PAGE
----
Note from Murdoc: This is a new weekly feature we’re going to try out here at Murdoc Online. It’s going to be run and written by longtime MO commenter AW1 Tim. I’m sure that there a lot of other readers interested in the Civil War, and it would be great to get additional discussion in the comments section. Welcome, Tim!
Jonathan Letterman was appointed to the position of Medical Director of the Army of the Potomac in June of 1862. He was given Carte Blanche to enact such reforms and organization as he thought best and he engaged his duties with great vigor.
Prior to his appointment, virtually all medical services of the AoP were on the regimental level. Each regiment had a surgeon an assistant surgeon, a Hospital Steward, and 2-3 men detailed to act as orderlies. Each regiment usually had a motley collection of ambulances and wagons to support the medical staff, and the entire system was broken and inefficient. Letterman set about to rectify that.
One of his first actions was to form separate Ambulance trains by stripping away the vehicles from the regiments, and assigning them at the Division level. Each train consisted of 40 ambulances under the command of a Lieutenant. Men were permanently assigned to be drivers and litter bearers, and standard training was instituted.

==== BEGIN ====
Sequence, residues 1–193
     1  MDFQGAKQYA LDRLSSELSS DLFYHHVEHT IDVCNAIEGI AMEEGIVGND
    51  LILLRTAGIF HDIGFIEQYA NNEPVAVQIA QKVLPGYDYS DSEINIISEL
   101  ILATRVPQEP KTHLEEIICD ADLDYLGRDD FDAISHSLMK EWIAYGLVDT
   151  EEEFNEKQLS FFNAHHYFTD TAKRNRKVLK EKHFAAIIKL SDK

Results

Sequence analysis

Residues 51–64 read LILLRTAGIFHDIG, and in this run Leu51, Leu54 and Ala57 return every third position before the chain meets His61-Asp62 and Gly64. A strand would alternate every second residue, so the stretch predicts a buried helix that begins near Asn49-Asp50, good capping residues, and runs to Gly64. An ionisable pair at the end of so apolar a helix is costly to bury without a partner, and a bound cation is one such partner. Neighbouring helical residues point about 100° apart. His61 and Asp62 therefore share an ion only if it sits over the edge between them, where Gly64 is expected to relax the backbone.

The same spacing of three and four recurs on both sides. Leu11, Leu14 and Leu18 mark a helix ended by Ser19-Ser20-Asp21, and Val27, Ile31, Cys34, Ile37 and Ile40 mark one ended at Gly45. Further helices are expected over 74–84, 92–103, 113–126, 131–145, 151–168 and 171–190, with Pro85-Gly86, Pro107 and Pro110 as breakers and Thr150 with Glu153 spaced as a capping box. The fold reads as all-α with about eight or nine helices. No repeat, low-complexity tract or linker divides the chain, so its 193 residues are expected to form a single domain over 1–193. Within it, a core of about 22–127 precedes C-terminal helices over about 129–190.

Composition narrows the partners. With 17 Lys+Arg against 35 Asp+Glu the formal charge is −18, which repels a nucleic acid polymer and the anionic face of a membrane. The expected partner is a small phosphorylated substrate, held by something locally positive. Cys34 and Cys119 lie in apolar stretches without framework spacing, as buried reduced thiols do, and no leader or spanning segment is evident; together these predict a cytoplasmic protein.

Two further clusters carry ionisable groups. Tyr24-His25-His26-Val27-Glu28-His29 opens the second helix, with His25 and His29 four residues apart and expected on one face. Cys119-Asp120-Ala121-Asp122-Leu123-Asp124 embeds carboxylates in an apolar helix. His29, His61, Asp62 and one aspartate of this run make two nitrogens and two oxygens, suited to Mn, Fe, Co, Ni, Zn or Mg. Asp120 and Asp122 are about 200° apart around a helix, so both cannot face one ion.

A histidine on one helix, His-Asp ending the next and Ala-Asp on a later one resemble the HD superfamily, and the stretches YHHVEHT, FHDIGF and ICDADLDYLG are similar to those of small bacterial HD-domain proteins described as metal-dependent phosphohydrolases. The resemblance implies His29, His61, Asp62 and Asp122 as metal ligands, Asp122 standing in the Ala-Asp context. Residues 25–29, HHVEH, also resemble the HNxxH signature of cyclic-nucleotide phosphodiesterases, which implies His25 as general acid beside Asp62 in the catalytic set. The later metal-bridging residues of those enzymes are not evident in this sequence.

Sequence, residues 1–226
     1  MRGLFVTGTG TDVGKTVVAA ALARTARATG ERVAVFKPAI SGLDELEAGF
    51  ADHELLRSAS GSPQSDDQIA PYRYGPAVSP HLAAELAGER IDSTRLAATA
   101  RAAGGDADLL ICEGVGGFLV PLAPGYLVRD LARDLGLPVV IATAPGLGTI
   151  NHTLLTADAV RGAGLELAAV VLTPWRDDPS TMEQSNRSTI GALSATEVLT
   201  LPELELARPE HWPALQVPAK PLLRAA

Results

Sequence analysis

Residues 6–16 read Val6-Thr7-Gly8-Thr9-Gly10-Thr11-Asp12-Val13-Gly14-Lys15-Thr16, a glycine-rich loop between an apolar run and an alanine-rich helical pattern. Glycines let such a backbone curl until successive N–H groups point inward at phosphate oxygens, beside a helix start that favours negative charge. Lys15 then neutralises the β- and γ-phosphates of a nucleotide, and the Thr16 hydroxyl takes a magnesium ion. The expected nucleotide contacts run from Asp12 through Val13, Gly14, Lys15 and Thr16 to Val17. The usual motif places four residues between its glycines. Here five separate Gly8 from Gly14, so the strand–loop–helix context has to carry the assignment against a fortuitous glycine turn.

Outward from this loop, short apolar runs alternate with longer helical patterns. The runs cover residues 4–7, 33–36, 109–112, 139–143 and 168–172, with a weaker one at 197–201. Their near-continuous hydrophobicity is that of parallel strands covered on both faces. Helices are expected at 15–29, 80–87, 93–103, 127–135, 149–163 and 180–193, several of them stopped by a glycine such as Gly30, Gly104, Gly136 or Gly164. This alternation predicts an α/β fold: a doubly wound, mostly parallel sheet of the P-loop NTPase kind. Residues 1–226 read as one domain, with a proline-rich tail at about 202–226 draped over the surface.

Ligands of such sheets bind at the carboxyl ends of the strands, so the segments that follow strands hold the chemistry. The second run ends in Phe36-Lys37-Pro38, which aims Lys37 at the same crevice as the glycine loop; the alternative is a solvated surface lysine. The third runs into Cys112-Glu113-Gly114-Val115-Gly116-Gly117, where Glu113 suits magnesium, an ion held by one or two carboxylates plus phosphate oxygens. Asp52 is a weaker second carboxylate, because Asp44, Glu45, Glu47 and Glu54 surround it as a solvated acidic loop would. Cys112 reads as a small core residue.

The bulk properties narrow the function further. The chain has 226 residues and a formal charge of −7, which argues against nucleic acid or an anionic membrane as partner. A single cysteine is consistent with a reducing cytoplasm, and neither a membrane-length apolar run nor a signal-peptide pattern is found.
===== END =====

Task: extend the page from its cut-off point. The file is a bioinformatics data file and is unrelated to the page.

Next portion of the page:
Secondly, Letterman established Division-level field hospitals by removing the surgeons from the regimental level and assigning them to the new Division hospitals. Each one was tested and the surgeons assigned to duty that best reflected their skills. Some remained as “operators” performing surgical duties, while others were assigned to deal with the administrative side of things. Some few were left at lower levels to handle sick call, etc.
Next, Letterman set out to deal with battlefield casualties. He established a system of “Field Dressing Stations”. These were manned by an assistant surgeon and an orderly with a knapsack containing palliatives, bandages and tourniquets. Field Dressing Stations were set up directly behind the battle line, as close as was safely possible, and sheltered to whatever extent the ground, walls, trees, etc, could provide. The location was marked by a small red flag, and wounded men who could walk, and litter bearers carrying wounded were instructed to proceed to such stations first, where the wounded were stabilized prior to transport to the Division hospital, or treated and returned to the front.
Above all else, Letterman established, for the first time, the system of triage which is still in use today. Patients were divided into three categories: Those who would die from their wounds, those who would live, regardless of their wounds, and those who could go either way. Initial treatment was given to the latter category of wounded, and they were evacuated first. The remainder were given palliative care, their wounds dressed, and they were made as comfortable as the situation and resources allowed. They, too, were evacuated when conditions allowed.
Dr. Letterman established the basic organization and treatment protocols that exist to this very day. His ideas were revolutionary and their impact saved tens of thousands of lives during a terrible period of our history. They continue to do so today.
There are many myths about medicine and medical care during the civil war. I hope to dispose of some of them in future articles.